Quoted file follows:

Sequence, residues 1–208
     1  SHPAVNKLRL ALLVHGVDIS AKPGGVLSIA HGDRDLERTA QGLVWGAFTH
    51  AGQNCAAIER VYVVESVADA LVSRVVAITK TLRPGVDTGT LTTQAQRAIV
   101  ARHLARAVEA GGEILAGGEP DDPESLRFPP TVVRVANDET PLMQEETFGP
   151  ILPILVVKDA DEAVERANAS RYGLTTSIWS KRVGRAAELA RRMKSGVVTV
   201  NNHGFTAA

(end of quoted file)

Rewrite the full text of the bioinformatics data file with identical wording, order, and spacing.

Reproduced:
Sequence, residues 1–208
     1  SHPAVNKLRL ALLVHGVDIS AKPGGVLSIA HGDRDLERTA QGLVWGAFTH
    51  AGQNCAAIER VYVVESVADA LVSRVVAITK TLRPGVDTGT LTTQAQRAIV
   101  ARHLARAVEA GGEILAGGEP DDPESLRFPP TVVRVANDET PLMQEETFGP
   151  ILPILVVKDA DEAVERANAS RYGLTTSIWS KRVGRAAELA RRMKSGVVTV
   201  NNHGFTAA